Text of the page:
And so it begins…
The invasion long dreaded by denizens of the People’s Playground has finally come to pass, as costumed characters driven out of Times Square by a police crackdown have descended onto the Coney Island Boardwalk.
People dressed as children’s favorite characters — from SpongeBob to Iron Man to Olaf from “Frozen” — have begun to congregate along the waterfront to pose for pictures with kids — and then demand cash from the parents.
Locals are not at all happy to see the photo-op phenomenon metastasize from the crossroads of the world to Sodom on the Sea.
“I think they should stay away from here,” said Fernando Delvalle, a weekly visitor to the Boardwalk. “Leave that in Times Square.”
Another Coney Island regular said the invasion would destroy the distinct local scene.
“I don’t like Times Square,” said Joe Hunt. “Coney Island is the farthest thing from Time Square.”
Some local restaurateurs and shop owners agree that the sudden appearance this season of the costumed cohort bodes ill for the Boardwalk.
“I think overall it’s bad for business,” said Michael Sarrel, a manager at famed Coney Island eatery Ruby’s.
Sarrel said he has already seen some of the tactics that prompted the police to run them out of Manhattan for harassing tourists who refused to hand over “tips” after snapping a pic.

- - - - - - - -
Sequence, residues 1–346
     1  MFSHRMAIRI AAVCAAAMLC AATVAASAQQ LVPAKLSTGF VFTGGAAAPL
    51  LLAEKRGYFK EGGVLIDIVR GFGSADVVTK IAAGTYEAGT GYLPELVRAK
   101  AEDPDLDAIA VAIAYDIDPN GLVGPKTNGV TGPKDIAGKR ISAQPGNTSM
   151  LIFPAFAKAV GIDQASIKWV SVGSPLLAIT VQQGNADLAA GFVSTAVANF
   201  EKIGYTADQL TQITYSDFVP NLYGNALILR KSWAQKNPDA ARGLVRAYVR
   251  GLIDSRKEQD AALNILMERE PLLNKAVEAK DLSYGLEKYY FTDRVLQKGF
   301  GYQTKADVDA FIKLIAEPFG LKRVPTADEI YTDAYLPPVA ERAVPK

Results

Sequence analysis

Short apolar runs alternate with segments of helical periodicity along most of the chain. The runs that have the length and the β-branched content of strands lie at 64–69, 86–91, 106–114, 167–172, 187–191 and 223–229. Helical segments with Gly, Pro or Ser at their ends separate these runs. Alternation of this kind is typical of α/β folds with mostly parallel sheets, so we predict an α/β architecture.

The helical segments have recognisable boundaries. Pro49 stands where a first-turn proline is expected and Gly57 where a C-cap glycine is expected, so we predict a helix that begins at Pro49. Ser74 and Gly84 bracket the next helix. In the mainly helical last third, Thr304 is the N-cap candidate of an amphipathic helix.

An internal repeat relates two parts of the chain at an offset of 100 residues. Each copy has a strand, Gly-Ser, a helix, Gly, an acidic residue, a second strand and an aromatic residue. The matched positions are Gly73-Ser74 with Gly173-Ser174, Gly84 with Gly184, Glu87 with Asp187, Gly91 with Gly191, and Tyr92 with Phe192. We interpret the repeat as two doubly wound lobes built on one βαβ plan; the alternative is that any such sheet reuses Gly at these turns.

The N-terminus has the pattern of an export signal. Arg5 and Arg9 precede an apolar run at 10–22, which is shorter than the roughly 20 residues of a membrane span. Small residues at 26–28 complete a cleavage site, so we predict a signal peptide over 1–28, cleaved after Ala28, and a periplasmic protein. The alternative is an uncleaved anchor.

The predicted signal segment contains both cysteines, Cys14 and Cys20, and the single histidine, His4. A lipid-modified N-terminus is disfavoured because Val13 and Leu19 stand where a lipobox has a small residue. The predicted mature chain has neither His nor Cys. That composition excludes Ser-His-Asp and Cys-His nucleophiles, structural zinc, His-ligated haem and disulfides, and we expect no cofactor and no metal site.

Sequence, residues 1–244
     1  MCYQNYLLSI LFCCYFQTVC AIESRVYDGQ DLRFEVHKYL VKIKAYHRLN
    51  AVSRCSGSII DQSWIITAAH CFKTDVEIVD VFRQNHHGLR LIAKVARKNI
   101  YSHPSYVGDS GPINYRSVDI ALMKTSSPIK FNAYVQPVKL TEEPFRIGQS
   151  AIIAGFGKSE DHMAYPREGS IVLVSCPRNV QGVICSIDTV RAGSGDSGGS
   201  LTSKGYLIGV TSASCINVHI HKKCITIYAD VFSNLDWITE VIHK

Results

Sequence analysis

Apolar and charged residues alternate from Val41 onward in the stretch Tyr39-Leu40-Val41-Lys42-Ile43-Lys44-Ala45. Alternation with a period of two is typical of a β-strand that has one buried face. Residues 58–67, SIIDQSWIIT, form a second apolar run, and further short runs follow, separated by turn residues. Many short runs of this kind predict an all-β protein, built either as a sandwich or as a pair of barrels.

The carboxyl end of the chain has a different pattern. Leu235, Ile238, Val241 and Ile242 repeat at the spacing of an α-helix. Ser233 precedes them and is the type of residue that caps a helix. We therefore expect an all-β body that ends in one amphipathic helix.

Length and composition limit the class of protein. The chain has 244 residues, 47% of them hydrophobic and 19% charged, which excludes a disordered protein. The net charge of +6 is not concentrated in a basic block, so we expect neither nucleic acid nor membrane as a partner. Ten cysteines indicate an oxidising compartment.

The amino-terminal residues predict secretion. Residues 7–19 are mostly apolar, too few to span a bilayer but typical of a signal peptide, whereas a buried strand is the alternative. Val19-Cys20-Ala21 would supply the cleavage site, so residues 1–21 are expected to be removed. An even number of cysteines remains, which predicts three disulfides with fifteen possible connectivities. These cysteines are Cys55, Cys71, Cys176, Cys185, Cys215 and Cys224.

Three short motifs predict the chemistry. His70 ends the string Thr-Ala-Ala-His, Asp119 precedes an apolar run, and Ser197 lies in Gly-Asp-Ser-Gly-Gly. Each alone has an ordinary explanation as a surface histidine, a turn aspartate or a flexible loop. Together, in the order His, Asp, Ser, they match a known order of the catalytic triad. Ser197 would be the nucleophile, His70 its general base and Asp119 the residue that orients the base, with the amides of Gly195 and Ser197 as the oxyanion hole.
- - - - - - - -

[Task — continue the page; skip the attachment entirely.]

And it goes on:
“People are intimidated having them here, begging for tips,” Sarrel said. “Sometimes they get aggressive.”
It is illegal to demand money for taking a picture of someone in a public place, and after signs to that effect were posted prominently around Time Square, some costumed characters have sought greener pastures — and less-savvy tourists.
“They’re preying on people’s ignorance,” said Hunt.
Louis John, Tom’s Coney Island’s manager, doesn’t think these new panhandlers will affect his business, but said he understands the complaints.
“There’s so many people [in Coney Island] that I don’t think it matters,” he said. “But, they make people feel a little uncomfortable, they make you feel like you have to [tip.]”
Some visitors weren’t worried about aggressive panhandling as much as they were annoyed at the low-quality, knockoff costumes.
“I don’t come to the Boardwalk to hang out with inaccurate versions of characters,” said Alex Thiel as she relaxed on the Boardwalk. “I don’t think Coney Island, being what it is, needs it,” she said.
Her friend Lauren Mark agreed, saying that the People’s Playground already has enough of its own distinctive attractions.
“I think [Coney Island] should just keep it to the classic freak show,” she said. “Those were the people you came here to see if you are coming to see characters.”
The Alliance for Coney Island said it is still looking into the matter and talking to the appropriate agencies, but added that it will strive to keep Coney Island a pleasurable spot for people to visit.
“The Alliance will continue to dedicate efforts to ensure that the district’s quality programming is preserved for the enjoyment of its visitors and residents,” said Johanna Zaki, executive director of the Alliance.